Boundary films are formed by physisorption, chemisorption, and chemical reaction. With physisorption, no exchange of electrons takes place between the molecules of the adsorbate and those of the adsorbant. The physisorption process typically involves van der Waals forces, which are relatively weak. In chemisorption, there is an actual sharing of electrons or electron interchange between the chemisorbed species and the solid surface. The solid surfaces bond very strongly to the adsorption species through covalent bonds. Chemically reacted films are formed by the chemical reaction of a solid surface with the environment. The physisorbed film can be either monomolecularly or polymolecularly thick. The chemisorbed films are monomolecular, but stoichiometric films formed by chemical reaction can have a large film thickness. In general, the stability and durability of surface films decrease in the following order: chemically reacted films, chemisorbed films, and physisorbed films. A good boundary lubricant should have a high degree of interaction between its molecules and the sliding surface. As a general rule, liquids are good lubricants when they are polar and, thus, able togrip solid surfaces (or be adsorbed). In this chapter, we focus on PFPEs. We first introduce details of the commonly used PFPE lubricants; then present a summary of nanodeformation, molecular conformation, and lubricant spreading studies; followed by an overview of nanotribological properties of polar and nonpolar PFPEs studied by atomic force microscopy (AFM) and some concluding remarks.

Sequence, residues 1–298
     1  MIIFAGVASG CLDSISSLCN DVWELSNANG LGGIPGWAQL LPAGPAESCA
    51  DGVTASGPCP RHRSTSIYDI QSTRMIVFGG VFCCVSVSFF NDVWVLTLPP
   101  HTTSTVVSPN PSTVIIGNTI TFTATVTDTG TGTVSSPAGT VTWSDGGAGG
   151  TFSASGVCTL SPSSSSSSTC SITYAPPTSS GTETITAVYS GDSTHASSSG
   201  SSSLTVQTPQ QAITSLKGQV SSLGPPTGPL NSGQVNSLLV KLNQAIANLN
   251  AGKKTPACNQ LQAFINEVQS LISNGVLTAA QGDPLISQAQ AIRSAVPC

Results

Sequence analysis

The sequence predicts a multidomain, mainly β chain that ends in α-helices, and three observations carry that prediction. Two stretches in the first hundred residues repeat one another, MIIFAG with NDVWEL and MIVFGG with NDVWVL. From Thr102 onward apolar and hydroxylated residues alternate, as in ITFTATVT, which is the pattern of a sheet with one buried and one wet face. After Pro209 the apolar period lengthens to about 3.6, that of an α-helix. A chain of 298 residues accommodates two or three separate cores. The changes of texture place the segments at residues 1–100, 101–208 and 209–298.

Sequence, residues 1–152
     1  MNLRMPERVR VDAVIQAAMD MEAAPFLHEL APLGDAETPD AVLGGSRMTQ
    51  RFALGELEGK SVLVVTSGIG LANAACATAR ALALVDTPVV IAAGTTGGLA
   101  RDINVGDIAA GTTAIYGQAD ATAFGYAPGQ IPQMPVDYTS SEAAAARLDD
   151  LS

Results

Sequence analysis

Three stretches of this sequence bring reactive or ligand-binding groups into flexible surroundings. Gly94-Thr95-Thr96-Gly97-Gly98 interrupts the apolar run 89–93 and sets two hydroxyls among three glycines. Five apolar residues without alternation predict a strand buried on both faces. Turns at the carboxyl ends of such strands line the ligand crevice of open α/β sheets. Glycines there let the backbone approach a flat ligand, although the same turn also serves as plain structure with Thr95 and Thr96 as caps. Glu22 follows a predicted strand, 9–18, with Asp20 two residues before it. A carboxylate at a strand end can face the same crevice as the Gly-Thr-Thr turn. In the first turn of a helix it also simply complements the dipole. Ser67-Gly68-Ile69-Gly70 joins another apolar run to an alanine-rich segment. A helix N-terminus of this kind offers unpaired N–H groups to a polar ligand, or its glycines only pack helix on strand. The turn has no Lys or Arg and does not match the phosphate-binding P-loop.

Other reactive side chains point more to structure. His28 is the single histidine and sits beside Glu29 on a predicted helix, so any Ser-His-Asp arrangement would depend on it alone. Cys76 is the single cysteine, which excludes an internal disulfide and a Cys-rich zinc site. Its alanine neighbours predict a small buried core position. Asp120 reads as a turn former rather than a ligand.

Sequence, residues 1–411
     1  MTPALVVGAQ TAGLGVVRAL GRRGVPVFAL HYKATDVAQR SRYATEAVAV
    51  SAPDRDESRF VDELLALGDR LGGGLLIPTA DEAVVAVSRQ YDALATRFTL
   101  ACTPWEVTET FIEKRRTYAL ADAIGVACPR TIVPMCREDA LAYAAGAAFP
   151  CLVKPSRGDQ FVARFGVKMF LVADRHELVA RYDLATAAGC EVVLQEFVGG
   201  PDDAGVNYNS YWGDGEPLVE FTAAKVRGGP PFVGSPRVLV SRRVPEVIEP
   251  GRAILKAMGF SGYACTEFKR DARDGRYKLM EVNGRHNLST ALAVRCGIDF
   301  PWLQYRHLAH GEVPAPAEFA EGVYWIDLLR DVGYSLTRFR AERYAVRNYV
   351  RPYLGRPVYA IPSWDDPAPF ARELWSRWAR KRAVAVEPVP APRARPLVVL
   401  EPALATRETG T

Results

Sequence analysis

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- Nanoscale Boundary Lubrication Studies
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